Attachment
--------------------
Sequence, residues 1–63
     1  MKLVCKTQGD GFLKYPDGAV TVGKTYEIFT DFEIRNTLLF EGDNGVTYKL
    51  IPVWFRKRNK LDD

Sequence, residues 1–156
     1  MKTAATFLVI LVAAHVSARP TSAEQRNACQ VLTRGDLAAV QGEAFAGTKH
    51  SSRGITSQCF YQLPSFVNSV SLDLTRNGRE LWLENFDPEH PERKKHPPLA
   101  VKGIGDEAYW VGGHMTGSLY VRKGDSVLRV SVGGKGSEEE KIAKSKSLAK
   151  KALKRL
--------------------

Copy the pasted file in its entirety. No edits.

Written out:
Sequence, residues 1–63
     1  MKLVCKTQGD GFLKYPDGAV TVGKTYEIFT DFEIRNTLLF EGDNGVTYKL
    51  IPVWFRKRNK LDD

Sequence, residues 1–156
     1  MKTAATFLVI LVAAHVSARP TSAEQRNACQ VLTRGDLAAV QGEAFAGTKH
    51  SSRGITSQCF YQLPSFVNSV SLDLTRNGRE LWLENFDPEH PERKKHPPLA
   101  VKGIGDEAYW VGGHMTGSLY VRKGDSVLRV SVGGKGSEEE KIAKSKSLAK
   151  KALKRL